I am a graduate of West Point currently serving as a Captain in the U.S. Army Infantry. I have served two combat tours with the 82nd Airborne Division, one each in Afghanistan and Iraq. While I served in the Global War on Terror, the actions and statements of my leadership led me to believe that United States policy did not require application of the Geneva Conventions in Afghanistan or Iraq. On 7 May 2004, Secretary of Defense Rumsfeld's testimony that the United States followed the Geneva Conventions in Iraq and the "spirit" of the Geneva Conventions in Afghanistan prompted me to begin an approach for clarification. For 17 months, I tried to determine what specific standards governed the treatment of detainees by consulting my chain of command through battalion commander, multiple JAG lawyers, multiple Democrat and Republican Congressmen and their aides, the Ft. Bragg Inspector General's office, multiple government reports, the Secretary of the Army and multiple general officers, a professional interrogator at Guantanamo Bay, the deputy head of the department at West Point responsible for teaching Just War Theory and Law of Land Warfare, and numerous peers who I regard as honorable and intelligent men.

Instead of resolving my concerns, the approach for clarification process leaves me deeply troubled. Despite my efforts, I have been unable to get clear, consistent answers from my leadership about what constitutes lawful and humane treatment of detainees. I am certain that this confusion contributed to a wide range of abuses including death threats, beatings, broken bones, murder, exposure to elements, extreme forced physical exertion, hostage-taking, stripping, sleep deprivation and degrading treatment. I and troops under my command witnessed some of these abuses in both Afghanistan and Iraq.

This is a tragedy. I can remember, as a cadet at West Point, resolving to ensure that my men would never commit a dishonorable act; that I would protect them from that type of burden. It absolutely breaks my heart that I have failed some of them in this regard.

That is in the past and there is nothing we can do about it now. But, we can learn from our mistakes and ensure that this does not happen again. Take a major step in that direction; eliminate the confusion. My approach for clarification provides clear evidence that confusion over standards was a major contributor to the prisoner abuse. We owe our soldiers better than this. Give them a clear standard that is in accordance with the bedrock principles of our nation.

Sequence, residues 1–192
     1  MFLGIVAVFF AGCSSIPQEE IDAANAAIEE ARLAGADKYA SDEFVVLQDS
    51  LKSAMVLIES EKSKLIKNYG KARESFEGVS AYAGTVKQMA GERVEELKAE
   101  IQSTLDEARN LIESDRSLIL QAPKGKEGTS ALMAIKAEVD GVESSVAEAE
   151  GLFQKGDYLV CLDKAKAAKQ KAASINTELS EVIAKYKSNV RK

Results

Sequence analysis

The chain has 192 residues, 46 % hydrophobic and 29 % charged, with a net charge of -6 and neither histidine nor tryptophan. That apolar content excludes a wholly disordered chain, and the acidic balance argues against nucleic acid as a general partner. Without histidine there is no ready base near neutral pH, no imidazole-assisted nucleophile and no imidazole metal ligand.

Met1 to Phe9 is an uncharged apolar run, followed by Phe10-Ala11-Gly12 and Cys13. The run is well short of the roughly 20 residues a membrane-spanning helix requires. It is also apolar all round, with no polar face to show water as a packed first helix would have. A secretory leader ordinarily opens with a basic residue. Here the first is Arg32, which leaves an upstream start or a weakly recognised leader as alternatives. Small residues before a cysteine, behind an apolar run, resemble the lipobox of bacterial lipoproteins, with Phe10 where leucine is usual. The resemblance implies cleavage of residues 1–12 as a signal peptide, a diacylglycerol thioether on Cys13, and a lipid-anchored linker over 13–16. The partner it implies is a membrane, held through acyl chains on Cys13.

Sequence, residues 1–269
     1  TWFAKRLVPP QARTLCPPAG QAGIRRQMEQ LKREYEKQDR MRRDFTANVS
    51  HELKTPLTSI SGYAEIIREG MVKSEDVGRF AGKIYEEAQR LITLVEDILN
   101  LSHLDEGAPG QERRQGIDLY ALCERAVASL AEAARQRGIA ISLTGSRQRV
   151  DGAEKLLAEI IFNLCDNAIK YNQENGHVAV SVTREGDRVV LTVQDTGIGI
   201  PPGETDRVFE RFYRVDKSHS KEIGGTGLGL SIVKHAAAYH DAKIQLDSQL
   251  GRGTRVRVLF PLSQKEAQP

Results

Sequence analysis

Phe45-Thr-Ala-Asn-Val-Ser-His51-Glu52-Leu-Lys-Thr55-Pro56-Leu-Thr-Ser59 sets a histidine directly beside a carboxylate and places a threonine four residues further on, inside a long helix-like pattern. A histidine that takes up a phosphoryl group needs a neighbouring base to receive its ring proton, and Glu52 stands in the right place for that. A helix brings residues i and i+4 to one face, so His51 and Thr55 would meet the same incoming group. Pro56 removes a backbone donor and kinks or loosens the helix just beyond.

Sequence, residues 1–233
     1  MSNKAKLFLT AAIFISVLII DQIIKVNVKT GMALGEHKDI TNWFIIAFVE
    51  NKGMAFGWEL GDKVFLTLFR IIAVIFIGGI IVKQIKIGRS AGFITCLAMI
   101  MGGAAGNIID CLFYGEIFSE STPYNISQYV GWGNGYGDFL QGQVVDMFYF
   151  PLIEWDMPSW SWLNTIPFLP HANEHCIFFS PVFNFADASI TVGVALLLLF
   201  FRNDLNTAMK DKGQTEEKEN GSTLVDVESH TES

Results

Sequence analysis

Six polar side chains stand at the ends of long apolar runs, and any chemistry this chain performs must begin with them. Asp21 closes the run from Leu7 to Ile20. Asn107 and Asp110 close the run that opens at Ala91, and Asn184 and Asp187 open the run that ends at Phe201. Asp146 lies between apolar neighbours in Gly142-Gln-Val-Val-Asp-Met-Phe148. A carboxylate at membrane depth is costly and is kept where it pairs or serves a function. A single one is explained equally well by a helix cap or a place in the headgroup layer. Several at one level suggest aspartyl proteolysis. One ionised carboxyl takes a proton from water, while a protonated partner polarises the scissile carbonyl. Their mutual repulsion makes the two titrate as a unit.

Some do not see the need for this work. Some argue that since our actions are not as horrifying as Al Qaeda's, we should not be concerned. When did Al Qaeda become any type of standard by which we measure the morality of the United States? We are America, and our actions should be held to a higher standard, the ideals expressed in documents such as the Declaration of Independence and the Constitution.

Others argue that clear standards will limit the President's ability to wage the War on Terror. Since clear standards only limit interrogation techniques, it is reasonable for me to assume that supporters of this argument desire to use coercion to acquire information from detainees. This is morally inconsistent with the Constitution and justice in war. It is unacceptable.

Both of these arguments stem from the larger question, the most important question that this generation will answer. Do we sacrifice our ideals in order to preserve security? Terrorism inspires fear and suppresses ideals like freedom and individual rights. Overcoming the fear posed by terrorist threats is a tremendous test of our courage. Will we confront danger and adversity in order to preserve our ideals, or will our courage and commitment to individual rights wither at the prospect of sacrifice? My response is simple. If we abandon our ideals in the face of adversity and aggression, then those ideals were never really in our possession. I would rather die fighting than give up even the smallest part of the idea that is "America."

Once again, I strongly urge you to do justice to your men and women in uniform. Give them clear standards of conduct that reflect the ideals they risk their lives for.

With the Utmost Respect,
-- Capt. Ian Fishback
1st Battalion,
504th Parachute Infantry Regiment,
82nd Airborne Division,
Fort Bragg, North Carolina